DRF: Simple foreign key assignment with nested serializers?
With Django REST Framework, a standard ModelSerializer will allow ForeignKey model relationships to be assigned or changed by POSTing an ID as an Integer.
What's the simplest way to get this behavior out of a nested serializer?
Note, I am only talking about assigning existing database objects, not nested creation.
I have hacked away around this in the past with additional 'id' fields in the serializer and with custom
update methods, but this is such a seemingly simple and frequent issue for me that I'm curious to know the best way.
class Child(models.Model): name = CharField(max_length=20) class Parent(models.Model): name = CharField(max_length=20) phone_number = models.ForeignKey(PhoneNumber) child = models.ForeignKey(Child) class ChildSerializer(ModelSerializer): class Meta: model = Child class ParentSerializer(ModelSerializer): # phone_number relation is automatic and will accept ID integers children = ChildSerializer() # this one will not class Meta: model = Parent
The best solution here is to use two different fields: one for reading and the other for writing. Without doing some heavy lifting, it is difficult to get what you are looking for in a single field.
The read-only field would be your nested serializer (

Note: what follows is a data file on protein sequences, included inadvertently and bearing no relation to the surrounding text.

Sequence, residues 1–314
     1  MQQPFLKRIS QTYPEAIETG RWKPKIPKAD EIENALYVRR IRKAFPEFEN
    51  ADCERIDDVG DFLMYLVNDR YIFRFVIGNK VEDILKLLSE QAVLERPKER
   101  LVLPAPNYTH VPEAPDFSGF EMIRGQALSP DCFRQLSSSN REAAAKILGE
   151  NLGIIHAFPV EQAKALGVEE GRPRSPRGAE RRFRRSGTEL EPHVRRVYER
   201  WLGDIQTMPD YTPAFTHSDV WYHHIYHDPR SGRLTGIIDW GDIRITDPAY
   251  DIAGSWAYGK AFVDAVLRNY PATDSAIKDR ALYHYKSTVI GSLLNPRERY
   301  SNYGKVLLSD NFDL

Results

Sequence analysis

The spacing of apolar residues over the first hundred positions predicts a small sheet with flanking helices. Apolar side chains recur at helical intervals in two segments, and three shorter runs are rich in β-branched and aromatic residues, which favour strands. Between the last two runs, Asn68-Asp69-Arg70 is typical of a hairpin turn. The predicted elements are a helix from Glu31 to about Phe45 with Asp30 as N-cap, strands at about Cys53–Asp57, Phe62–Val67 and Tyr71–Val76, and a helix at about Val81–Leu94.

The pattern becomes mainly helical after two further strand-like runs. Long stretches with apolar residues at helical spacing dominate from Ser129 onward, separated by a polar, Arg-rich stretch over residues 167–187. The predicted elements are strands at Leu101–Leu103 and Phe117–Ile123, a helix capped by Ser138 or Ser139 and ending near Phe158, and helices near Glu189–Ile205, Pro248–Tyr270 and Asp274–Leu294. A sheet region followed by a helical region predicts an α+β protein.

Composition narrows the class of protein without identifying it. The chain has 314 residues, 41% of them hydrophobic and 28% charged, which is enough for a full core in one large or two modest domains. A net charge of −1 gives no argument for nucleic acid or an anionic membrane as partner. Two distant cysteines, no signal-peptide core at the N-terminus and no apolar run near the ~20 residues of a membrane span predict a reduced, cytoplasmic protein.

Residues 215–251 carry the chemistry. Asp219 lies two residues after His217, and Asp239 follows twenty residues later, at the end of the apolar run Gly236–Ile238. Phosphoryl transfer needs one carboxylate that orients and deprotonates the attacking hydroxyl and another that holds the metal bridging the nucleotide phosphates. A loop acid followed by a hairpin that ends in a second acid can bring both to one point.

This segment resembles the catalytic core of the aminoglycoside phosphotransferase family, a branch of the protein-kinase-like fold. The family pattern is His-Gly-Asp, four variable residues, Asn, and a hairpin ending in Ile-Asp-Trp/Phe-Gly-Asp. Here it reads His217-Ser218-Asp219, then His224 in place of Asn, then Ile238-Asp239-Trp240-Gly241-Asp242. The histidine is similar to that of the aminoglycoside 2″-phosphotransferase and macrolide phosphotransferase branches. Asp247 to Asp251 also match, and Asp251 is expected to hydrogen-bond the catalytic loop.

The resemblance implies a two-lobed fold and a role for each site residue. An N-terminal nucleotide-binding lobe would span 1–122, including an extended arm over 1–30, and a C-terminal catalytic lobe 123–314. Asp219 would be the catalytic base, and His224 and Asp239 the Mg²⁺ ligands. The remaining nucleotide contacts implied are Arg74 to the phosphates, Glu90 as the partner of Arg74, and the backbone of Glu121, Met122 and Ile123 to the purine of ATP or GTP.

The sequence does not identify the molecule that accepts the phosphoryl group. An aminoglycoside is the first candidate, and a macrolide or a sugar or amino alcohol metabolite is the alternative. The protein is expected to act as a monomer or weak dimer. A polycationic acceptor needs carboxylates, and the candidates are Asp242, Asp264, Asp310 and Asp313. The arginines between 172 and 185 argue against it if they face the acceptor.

ChildSerializer in this case) and it will allow you to get the same nested representation that you are expecting. Most people define this as just
child, because they already have their front-end written by this point and changing it would cause problems.
The write-only field would be a
PrimaryKeyRelatedField, which is what you would typically use for assigning objects based on their primary key. This does not have to be write-only, especially if you are trying to go for symmetry between what is received and what is sent, but it sounds like that might suit you best. This field should have a
source set to the foreign key field (
child in this example) so it assigns it properly on creation and updating.
This has been brought up on the discussion group a few times, and I think this is still the best solution. Thanks to Sven Maurer for pointing it out.